Our next trip was to go with a bus from Lhasa to Shigatse driving along the Yarlung River. The scenery of the clear river water, with mountains at the background and combined with green fields is amazing. The Yarlung River is 1,323 km long river originating from the Tibet-Qinghai Plateau in southeast Qinghai, and its join the Yangtze river in Panzhihua in southwestern Sichuan. It then passes through India flowing through the Assam Valley as Brahmaputra river.
Yarlung means “the river down from the upper reaches” in Tibetan language, has a large amount of water and irrigates the fields in the lower valley. There are many ancient villages scattered along the banks of the river, with many historical sites and temples, shrouded with colorful myths and legends. It is the cradle of Tibet’s ancient civilization, and the area is the earliest birthplace of Tibetan culture.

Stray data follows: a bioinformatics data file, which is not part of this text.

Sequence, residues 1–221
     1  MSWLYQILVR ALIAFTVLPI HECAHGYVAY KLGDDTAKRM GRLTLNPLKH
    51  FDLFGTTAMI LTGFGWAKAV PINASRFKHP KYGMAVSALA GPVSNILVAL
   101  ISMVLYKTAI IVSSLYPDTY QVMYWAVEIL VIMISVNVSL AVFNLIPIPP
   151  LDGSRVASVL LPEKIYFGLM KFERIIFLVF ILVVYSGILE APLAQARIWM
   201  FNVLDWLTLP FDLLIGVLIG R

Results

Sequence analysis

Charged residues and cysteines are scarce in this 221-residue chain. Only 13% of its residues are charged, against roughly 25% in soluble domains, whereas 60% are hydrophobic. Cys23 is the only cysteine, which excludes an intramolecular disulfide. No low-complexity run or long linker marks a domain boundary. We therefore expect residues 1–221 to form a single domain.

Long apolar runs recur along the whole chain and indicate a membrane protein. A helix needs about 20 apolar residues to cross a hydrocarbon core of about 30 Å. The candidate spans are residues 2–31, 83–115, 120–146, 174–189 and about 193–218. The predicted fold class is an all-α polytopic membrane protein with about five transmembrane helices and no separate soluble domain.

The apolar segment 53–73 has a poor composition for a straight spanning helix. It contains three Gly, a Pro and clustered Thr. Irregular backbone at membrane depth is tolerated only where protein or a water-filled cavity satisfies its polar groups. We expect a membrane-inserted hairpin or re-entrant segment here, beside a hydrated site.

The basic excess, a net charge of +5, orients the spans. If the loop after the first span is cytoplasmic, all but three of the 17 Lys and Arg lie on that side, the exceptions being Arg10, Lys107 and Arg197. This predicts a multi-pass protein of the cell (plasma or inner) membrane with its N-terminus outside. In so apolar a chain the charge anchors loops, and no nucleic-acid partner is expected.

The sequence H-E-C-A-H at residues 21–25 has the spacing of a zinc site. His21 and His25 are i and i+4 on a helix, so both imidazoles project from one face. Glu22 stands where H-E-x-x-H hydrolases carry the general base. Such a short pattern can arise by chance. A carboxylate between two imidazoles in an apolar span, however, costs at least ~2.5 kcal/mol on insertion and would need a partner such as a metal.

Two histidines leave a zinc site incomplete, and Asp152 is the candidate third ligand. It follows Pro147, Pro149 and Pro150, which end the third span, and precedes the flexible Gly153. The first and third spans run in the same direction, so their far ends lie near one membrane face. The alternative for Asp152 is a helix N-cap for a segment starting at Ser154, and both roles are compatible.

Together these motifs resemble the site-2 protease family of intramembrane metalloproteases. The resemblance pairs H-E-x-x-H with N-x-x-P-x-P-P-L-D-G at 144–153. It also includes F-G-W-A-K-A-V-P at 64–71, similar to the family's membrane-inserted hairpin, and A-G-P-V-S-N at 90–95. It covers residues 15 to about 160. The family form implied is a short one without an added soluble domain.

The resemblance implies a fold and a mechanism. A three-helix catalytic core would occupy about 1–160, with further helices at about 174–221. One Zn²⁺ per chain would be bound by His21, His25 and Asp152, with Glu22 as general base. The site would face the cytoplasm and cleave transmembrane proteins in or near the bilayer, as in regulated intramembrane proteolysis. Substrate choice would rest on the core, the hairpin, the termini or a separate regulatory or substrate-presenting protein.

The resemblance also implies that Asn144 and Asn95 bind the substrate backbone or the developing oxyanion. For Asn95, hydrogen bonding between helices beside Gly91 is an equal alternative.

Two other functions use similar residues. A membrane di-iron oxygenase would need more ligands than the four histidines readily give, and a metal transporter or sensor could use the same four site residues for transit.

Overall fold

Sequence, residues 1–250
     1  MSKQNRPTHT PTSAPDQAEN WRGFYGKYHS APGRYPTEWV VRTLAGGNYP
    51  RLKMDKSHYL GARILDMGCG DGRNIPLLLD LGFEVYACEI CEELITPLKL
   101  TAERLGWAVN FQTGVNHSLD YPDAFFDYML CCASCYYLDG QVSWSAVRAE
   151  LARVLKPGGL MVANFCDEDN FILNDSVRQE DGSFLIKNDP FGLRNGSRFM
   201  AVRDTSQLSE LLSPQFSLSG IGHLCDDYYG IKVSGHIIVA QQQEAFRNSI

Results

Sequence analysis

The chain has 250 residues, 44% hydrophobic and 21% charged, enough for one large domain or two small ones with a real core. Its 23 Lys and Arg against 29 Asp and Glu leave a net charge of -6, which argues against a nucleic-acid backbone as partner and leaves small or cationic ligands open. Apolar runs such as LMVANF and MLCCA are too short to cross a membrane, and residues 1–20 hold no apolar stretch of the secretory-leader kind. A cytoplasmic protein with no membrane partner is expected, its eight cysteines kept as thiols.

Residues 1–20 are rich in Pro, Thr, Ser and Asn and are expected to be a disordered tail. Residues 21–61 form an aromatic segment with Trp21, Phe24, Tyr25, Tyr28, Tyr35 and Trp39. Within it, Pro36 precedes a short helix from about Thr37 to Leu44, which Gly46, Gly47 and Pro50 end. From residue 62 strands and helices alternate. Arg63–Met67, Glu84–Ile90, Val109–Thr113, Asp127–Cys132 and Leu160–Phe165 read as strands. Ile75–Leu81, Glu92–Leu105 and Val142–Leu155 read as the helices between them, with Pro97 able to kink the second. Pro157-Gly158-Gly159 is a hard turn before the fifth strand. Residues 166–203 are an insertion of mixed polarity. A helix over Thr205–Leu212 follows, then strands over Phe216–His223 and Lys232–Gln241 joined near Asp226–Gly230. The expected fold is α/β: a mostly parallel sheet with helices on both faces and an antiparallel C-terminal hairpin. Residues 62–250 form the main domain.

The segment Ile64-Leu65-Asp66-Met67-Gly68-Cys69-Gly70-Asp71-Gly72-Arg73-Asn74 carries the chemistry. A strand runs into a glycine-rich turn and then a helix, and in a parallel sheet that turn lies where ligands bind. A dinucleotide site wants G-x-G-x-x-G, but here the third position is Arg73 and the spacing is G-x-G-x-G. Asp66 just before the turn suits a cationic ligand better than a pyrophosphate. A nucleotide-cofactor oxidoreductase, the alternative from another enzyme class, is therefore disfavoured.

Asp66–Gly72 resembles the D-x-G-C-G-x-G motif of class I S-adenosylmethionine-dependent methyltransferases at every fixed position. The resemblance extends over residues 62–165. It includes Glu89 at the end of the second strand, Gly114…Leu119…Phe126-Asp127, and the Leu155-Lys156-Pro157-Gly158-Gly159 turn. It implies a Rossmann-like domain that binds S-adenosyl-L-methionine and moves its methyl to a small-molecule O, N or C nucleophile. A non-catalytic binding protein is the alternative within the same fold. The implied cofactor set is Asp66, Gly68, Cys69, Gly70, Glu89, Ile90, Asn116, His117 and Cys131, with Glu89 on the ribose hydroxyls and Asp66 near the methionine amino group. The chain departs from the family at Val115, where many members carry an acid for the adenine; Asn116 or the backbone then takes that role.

In Tibetan culture, rivers are sacred and in particular the Yarlung river is sacred as it represents the body of the goddess Dorje Phagmo, one of the highest incarnations. This reverence for the natural world was born from the Tibetan plateau and dates back centuries. Now we can admire the clean river, undisturbed by human interference. When people swim in the river, they were told to never use it as a bathroom, because there are river gods in the water. There’s a very strict tradition that no one will go near certain water or do anything that would disturb it. They really don’t need laws to prohibit them to dump garbage or toxic wastes in the water to preserve the environment.
There is another reason, the Yarlung river is still used as water burial site, people dumped dead bodies into the river and fishes might consume the body, which partly explains why Tibetan do not eat fish. Tibetans believe that upon death, the body retums to one of the elements - earth, air, fire, water, or wood. Water burial is considered as a derivative of the celestial burial.